Subsequently on November 8, J Robert Lovejoy, chairman of the OEH board wrote to R K Krishna Kumar, vice-chairman of IHCL, stating, “The members of the Orient-Express board have great respect for your company.”
This is a marked about-turn from December 2007 when IHCL termed the response of the then OEH CEO to the takeover proposal as ‘pejorative, inaccurate and libellous’. At that time, Krishna Kumar had said, “We acted in the mistaken belief that your board recognised its fiduciary duties and would act in a responsible manner to begin a dialogue with us.”
On Friday (November 9), IHCL and Montezemolo & Partners on behalf of Charme II Fund said they were “reviewing the position taken by the Orient-Express board and considering their options with respect to their offer to acquire Orient-Express.”
One option is to increase the offer price of $12.63 per share offered by IHCL for the 93.1 per cent that it does not already own of OEH. But as IHCL has itself acknowledged in an October 18 communication to OEH, the offer price represents a ‘premium valuation based on multiples of cash flow in comparison to relevant comparable public companies and comparable M&A transactions over the last several years.” On Saturday, the OEH price was up 6.82 per cent to $11.27 per share on the New York Stock Exchange. At that price it was still 12 per cent lower than the price offered by IHCL.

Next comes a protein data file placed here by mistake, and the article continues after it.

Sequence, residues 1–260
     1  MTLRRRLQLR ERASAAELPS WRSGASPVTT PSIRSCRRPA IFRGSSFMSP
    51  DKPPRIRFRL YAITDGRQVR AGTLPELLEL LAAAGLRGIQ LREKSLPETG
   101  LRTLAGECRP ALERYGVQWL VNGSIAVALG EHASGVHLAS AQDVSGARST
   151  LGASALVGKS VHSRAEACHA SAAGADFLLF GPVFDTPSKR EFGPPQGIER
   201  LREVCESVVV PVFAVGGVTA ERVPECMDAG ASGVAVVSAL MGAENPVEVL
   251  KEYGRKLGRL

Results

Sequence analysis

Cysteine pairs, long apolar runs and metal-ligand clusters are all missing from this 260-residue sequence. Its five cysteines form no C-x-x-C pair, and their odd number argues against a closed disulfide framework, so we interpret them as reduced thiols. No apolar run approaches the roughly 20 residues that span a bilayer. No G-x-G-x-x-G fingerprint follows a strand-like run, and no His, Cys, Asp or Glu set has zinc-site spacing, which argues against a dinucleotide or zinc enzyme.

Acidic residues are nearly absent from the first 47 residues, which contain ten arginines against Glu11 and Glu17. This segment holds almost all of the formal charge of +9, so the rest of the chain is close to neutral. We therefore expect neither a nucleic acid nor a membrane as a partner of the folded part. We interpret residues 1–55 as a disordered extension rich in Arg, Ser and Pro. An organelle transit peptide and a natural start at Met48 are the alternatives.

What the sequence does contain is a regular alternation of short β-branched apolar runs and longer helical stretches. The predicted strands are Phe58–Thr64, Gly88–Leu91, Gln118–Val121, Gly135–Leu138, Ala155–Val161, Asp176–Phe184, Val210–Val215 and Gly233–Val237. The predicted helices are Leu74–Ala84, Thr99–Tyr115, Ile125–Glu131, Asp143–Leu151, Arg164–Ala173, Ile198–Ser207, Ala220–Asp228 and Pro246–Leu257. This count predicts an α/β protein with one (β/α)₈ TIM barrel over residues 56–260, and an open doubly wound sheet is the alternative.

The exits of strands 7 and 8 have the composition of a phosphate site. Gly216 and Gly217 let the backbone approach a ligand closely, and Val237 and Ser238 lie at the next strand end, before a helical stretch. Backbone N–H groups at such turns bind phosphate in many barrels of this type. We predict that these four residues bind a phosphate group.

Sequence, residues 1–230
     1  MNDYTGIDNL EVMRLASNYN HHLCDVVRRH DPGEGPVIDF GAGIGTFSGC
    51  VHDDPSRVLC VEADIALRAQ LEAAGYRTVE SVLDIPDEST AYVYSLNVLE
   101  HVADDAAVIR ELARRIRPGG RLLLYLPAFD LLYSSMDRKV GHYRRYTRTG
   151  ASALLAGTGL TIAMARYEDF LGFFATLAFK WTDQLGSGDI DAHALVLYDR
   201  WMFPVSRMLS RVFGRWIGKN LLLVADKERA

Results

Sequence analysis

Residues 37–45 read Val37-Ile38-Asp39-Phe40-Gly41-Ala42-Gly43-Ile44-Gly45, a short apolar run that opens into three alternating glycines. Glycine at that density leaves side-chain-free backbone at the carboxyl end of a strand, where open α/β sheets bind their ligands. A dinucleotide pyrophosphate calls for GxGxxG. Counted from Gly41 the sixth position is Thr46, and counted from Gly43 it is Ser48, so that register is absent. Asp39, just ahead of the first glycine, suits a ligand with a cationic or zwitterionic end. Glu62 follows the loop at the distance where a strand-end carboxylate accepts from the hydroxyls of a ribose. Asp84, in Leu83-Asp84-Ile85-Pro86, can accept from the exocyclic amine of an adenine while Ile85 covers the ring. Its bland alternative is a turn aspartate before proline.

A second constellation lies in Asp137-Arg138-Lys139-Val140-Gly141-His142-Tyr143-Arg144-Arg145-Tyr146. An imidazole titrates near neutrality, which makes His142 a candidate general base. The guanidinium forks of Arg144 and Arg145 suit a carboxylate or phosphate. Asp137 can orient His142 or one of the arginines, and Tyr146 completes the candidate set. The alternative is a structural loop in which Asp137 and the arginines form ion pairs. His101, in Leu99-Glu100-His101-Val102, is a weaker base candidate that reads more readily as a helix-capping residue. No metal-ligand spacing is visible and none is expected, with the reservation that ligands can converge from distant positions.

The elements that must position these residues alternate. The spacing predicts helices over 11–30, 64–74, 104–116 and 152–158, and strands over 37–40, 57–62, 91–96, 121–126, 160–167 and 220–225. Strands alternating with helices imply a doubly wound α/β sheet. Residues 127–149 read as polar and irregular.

“After thorough consideration, and in consultation with independent financial and legal advisors, our board of directors has unanimously concluded that your proposal significantly undervalues Orient-Express and its future prospects. Like that of many other hospitality companies and luxury sector participants, we believe the current price of Orient-Express shares reflects the market’s short-term outlook and not the long-term value of its assets. We strongly believe your proposal is significantly below the value of Orient-Express. In addition, the market value of our unique properties is underscored by the prices per key, paid in some recent sales of iconic assets. Now would be a highly disadvantageous time to sell the company. Accordingly, our board has unanimously determined that it is not in the best interests of Orient-Express and its shareholders to pursue your proposal,” Lovejoy wrote in his letter dated November 8, to Krishna Kumar.